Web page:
Mark A.R. Kleiman is out this week with the single most comprehensive look at the trend toward legalizing pot you’re likely to find. He doesn’t spend much space on the pros and cons of legalization -- almost anyone can tick those off on the fingers of both hands -- but on the right way to do it, and the wrong way.
Short version: Colorado and Washington are doing it the wrong way, and the federal government’s hands-off approach isn’t making things any better.
Kleiman’s grasp of the topic isn’t surprising. A professor of public policy at UCLA, he’s been a recognized expert on drug policy for years. (He’s also one of the few people we know who effectively shorted the housing bubble, selling his four-bedroom house on tony Mulholland Drive for a handsome profit in 2005 and sitting out the rest of the housing boom -- and bust.)
Washington state hired him to consult on its launch of legal marijuana sales after legalization was passed in 2012, though the relationship wasn’t always mutually satisfactory. Kleiman’s consultancy ended last September, months before legalization took effect; he wasn’t especially circumspect about the shortcomings of Washington’s approach.
That’s what makes his latest piece in the Washington Monthly so useful. Kleiman observes that legalization by the states is here, and it will spread. But he doesn’t have much use for the idea that this is a testament to their role as “laboratories of democracy” (to cite Louis Brandeis’ phrase).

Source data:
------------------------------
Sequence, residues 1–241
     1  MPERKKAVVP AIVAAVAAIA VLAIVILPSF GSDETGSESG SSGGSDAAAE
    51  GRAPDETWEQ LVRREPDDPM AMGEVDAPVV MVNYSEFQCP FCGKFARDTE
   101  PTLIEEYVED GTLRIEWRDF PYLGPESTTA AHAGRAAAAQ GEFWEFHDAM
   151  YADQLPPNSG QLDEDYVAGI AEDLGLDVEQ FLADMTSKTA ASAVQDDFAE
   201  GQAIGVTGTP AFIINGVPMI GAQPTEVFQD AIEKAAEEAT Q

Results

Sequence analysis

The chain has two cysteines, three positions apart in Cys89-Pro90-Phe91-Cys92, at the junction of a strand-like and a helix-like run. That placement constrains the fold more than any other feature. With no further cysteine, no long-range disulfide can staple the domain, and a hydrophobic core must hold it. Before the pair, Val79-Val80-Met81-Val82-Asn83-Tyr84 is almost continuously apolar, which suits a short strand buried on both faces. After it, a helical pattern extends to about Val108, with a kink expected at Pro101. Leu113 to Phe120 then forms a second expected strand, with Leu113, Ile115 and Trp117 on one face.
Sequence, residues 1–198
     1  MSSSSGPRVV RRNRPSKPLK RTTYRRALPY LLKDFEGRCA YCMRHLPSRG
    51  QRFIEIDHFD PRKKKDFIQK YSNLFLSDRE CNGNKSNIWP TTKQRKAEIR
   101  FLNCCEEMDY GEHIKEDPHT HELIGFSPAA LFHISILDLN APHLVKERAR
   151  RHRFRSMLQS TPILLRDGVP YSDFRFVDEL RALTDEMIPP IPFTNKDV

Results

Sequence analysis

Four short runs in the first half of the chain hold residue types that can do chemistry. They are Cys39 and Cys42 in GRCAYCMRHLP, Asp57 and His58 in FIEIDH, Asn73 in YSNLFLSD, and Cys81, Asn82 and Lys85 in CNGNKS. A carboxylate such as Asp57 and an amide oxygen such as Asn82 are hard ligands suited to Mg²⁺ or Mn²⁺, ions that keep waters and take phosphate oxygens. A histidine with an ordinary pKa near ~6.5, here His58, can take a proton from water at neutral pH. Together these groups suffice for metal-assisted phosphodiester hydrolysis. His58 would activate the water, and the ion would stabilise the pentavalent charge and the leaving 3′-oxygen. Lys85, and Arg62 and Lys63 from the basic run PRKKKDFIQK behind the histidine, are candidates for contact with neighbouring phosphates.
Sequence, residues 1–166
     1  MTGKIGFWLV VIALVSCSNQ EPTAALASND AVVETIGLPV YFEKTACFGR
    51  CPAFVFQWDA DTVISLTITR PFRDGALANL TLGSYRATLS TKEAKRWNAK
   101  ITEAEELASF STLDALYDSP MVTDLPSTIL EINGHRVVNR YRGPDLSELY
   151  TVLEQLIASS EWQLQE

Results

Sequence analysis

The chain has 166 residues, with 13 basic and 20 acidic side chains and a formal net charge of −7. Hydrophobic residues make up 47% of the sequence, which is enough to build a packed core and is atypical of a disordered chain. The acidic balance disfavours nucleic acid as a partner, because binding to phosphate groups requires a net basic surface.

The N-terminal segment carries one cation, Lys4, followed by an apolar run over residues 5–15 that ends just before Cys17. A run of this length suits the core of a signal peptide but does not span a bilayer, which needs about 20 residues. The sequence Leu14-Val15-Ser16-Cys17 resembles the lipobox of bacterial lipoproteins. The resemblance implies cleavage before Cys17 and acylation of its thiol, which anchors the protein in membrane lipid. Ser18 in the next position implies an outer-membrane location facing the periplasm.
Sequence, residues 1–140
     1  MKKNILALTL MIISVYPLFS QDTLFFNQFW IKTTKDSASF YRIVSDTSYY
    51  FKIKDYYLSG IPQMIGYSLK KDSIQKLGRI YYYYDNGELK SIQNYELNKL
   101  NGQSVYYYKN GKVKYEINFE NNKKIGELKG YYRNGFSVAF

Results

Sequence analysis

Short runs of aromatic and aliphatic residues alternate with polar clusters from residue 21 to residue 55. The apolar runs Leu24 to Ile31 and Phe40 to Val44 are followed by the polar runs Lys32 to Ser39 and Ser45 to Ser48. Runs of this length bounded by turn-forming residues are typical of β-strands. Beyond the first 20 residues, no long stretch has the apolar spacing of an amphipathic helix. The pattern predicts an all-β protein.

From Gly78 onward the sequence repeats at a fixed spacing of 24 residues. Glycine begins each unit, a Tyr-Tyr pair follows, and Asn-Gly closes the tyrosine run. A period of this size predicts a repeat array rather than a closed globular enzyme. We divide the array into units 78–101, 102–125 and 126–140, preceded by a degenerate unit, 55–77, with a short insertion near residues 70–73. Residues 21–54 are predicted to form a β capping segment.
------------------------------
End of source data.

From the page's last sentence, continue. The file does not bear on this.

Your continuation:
“Dr. Frankenstein,” he writes, “also had a laboratory."
In fact, he writes, the current trend of state-by-state legalization risks creating a monster. The states are licensing activities that remain felonies under federal law, notwithstanding the federal government’s current stated intention to look the other way. That makes activities in the states “quasi-pseudo-hemi-demi-legal,” Kleiman says -- what happens if a new president decides to get tough?
Kleiman argues that now is precisely the right moment for Congress to step in with a federal law legalizing and regulating the pot industry. That’s because the pot industry is still too small, poor and fragmented to lobby against effective federal regulation. But it’s only going to get bigger and richer from here, and it won’t be long before it has the deep pockets to block effective federal oversight, like the liquor industry. A federal law could leave most oversight to the states, but set parameters that would help them keep it under control, discourage interstate smuggling, and limit such downsides as drug abuse and unrestrained marketing.
Among Kleiman’s specific recommendations: tax marijuana by weight or THC content, not by price. The latter system, which is the law in Washington and Colorado, won’t keep prices high, which is important both for maximizing tax revenue and discouraging abuse.
He advocates selling marijuana only through state-owned stores, like the “ABC” stores that hold a monopoly on liquor sales in many states. And he advises any states that take that route to house their marijuana sales agencies not in the tax or revenue department, which would have an incentive to expand sales as much as possible, but in the public health department, which would be inclined to keep a lid on the market.
Kleiman recognizes that expecting anything intelligent out of the current Congress is, well, a pipe dream. But he observes that a presidential election is just around the corner. “Soon enough, candidates for president are going to be asked their positions on marijuana legalization. They’re going to need a good answer. I suggest something like this: ‘I’m not against all legalization; I’m against dumb legalization.’”